Saturday, March 20, 2010


One of the ways local government officials get the trust of the everyday citizen is to include them in the process of governing.

On Thursday last, the SCPR attended a meeting of a group of the Stark County commissioner appointed dog pound advisory group headed up by Mount Union University communications professor Len Cooper.

These folks are embarked on a very important task.

They had before them 127 applications for dog warden.  The position became vacant when commissioners relieved Evert Gibson (warden since 2004) of the job.  (By the way, - ATTENTION:  STARK COUNTY COMMISSIONER WEBMASTER - Gibson is still listed as warden on the Dog Pound page of the Stark County commissioners website)  

Most people have dogs, dearly love them.  And it was clear to the SCPR that the six (of seven - there is one vacancy) member advisory group members love dogs, and are out to make sure that the new dog warden is top-notch.

But the SCPR's question is:  how much input will they have?

The Report picked up at the meeting that the advisers themselves have concerns.  A part of the Thursday discussion was a concern that once the group completes its task of winnowing the 127 applications down to 5 to 10, that they will be told "thank you" we [the commissioners and the commissioners alone] will make the final choice.

And, make the final decision, they should.  However, shouldn't an adviser be included in the final set of interviews (of the finalists)?  The advisory groups wants interim dog warden Fox to be part of the finalists interviews, too.

If the commissioners are smart, they will include an adviser and Fox.  Such will be a step in the right direction in making a quality decision as to whom to hire, and it will be a signal to everyday Stark Countians that the commissioners want citizen input.

The list of invitees stands at eleven.  Interviews begin today, will carryover to Monday and conclude on Thursday next with a teleconference interview with out-of-stater applicants and locals who, for one reason or another, cannot make an in person session.

What criteria have been set up as priorities for candidates?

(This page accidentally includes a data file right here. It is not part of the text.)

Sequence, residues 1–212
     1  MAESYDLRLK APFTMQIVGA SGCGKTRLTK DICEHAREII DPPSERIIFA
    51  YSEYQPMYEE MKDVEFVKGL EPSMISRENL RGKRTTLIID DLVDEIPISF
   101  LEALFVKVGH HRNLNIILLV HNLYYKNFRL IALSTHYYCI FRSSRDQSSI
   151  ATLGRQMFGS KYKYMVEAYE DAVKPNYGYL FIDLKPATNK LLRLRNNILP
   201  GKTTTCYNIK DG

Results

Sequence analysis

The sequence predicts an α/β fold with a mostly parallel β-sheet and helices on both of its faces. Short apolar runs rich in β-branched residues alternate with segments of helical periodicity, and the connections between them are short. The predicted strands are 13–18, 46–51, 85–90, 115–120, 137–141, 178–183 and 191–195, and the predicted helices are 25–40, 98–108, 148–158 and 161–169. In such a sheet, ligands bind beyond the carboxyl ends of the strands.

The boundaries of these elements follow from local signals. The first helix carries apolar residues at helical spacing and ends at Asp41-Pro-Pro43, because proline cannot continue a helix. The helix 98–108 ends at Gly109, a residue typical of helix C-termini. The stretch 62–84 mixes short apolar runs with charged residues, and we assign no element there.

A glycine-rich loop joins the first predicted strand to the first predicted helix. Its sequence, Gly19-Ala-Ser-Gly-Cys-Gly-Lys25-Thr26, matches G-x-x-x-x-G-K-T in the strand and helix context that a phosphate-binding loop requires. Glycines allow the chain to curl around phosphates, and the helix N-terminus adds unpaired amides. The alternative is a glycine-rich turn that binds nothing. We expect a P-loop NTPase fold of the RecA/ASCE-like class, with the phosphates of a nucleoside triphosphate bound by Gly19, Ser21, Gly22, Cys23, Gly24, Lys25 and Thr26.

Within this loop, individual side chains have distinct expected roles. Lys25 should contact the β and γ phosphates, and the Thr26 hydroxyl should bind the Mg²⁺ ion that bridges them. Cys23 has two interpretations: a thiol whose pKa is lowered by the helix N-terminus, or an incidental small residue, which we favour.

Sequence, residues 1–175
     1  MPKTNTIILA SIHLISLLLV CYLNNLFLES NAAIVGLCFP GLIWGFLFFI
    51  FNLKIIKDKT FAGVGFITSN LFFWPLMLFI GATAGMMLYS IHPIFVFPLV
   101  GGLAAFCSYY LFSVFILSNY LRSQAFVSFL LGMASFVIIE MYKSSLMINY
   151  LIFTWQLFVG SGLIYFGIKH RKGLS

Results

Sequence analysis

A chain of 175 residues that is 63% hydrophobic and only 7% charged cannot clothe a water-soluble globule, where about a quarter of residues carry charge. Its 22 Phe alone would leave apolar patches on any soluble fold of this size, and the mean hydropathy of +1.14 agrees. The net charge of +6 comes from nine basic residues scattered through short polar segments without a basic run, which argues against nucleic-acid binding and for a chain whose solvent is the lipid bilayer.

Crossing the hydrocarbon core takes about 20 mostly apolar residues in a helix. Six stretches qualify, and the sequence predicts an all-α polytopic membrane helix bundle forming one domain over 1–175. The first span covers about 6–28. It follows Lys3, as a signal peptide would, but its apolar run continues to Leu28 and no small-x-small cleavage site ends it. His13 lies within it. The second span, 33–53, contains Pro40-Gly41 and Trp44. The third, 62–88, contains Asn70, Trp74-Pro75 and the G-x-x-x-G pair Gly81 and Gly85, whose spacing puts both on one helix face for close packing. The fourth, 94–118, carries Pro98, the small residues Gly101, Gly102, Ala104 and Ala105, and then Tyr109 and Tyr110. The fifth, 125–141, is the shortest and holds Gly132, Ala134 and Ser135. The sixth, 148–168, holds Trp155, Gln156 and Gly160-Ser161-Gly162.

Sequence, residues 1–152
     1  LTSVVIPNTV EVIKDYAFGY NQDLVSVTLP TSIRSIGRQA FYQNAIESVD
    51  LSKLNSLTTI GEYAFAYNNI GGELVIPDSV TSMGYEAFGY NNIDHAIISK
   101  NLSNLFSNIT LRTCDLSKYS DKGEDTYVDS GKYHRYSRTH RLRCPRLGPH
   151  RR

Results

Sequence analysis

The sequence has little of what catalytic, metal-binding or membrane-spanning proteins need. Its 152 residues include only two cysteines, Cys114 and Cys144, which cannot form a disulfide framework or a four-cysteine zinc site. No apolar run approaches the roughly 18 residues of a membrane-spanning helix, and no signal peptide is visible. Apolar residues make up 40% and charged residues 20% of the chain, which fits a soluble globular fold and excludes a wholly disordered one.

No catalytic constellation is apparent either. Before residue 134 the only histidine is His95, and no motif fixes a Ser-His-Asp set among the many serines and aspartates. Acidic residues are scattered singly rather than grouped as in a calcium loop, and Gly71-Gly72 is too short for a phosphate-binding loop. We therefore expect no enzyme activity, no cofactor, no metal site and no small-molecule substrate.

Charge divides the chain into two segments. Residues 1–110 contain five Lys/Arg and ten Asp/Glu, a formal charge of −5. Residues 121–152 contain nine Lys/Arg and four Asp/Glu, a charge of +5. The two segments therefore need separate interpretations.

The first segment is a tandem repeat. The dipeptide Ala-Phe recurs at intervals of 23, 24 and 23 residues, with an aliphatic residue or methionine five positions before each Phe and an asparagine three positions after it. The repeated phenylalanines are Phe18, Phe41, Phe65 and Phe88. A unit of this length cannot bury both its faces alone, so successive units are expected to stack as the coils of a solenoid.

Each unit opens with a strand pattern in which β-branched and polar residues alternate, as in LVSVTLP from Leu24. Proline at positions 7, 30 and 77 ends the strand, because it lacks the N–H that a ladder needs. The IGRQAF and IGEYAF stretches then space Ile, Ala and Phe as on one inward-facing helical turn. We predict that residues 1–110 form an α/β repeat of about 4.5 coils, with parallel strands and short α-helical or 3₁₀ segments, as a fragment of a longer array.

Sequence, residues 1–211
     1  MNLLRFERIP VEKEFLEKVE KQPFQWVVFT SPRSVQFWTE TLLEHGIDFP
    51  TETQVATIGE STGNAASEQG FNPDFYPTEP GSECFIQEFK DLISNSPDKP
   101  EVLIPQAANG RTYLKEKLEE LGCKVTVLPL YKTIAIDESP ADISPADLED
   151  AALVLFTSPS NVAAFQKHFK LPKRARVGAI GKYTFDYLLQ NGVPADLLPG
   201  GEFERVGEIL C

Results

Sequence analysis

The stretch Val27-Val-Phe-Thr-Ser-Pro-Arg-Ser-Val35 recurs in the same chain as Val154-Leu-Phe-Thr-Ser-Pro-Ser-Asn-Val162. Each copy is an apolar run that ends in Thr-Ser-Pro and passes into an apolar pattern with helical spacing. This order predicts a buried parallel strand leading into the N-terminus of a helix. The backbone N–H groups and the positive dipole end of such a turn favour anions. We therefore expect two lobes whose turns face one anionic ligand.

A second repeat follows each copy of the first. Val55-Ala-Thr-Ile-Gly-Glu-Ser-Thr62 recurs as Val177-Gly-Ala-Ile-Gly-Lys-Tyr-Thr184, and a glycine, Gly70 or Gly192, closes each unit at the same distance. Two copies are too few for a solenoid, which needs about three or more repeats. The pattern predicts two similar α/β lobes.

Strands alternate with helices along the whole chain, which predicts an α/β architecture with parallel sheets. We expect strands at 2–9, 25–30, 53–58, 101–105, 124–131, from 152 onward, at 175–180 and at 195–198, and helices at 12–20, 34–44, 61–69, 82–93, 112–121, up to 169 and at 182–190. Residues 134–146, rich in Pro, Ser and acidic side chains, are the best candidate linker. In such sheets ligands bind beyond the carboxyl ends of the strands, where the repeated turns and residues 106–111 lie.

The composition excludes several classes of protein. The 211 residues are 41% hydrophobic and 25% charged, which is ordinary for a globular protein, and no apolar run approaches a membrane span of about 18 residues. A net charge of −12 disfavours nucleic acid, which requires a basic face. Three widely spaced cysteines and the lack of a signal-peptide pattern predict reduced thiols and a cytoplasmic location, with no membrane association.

First, some non-standard factors:

  • someone who is computer savvy.  The SCPR was surprised to learn that the Dog Pound is not using the Pound's computer system effectively.
  • someone who will not fall into "a good ole boys network."
  • someone who understands law enforcement considerations and will work closely with Stark County policing authorities.  One member complained that Stark's policing agencies did not have a quality relationship with former warden Gibson and said that his top priority was to have a new warden who would connect and coordinate the Pound's work with area law enforcement.
Next, the more standard factors: (taken from the goals of the Dog Pound as articulated on the Dog Pound page of the Stark County commissioners website:

  • "To enforce the rules and regulations relating to dogs in accordance with the Ohio Revised Code.
  • "To provide our customers (both internal and external) the best quality service." 
  • "To operate the department using sound business practices." 
  • "To patrol the county, respond to calls, and capture stray puppies and dogs using the best available methods." 
  • "To assist the general public with the redemption of lost puppies and dogs." 
  • "To work with the general public and rescue organizations in the placement of adoptable puppies and dogs." 
"To educate the general public in the areas of responsible pet ownership, spaying/neutering, and bite avoidance."  Interim warden Kevin Fox was at the meeting and he presented the Pound's February statistics.

Here they are with SCPR commentary:

  • 103 strays picked up.  Fox says this is a high number for February and attributed the increase to the downturn in the economy.
  • 1 surrender.
  • 13 requested destructions.  Surrender and requested destructions could entail up to $74 in fees ($50 Pound imposed fee plus $12 licensing charge - if unlicensed plus a $12 late licensing fee)
  • 5 quarantines.
  • 16 redeems by owner.
  • 58 adoptions
  • 3 transfers to the Stark County Humane Society
  • 30 euthanized (22 of them pit bulls)
Now for what the commissioners have in mind, presupposing, of course, that Commissioner Todd Bosley speaks for the entire board of commissioner:

Here is a video of a press conference that occurred immediately after the commissioners had relieved Evert Gibson of his dog warden responsibilities.

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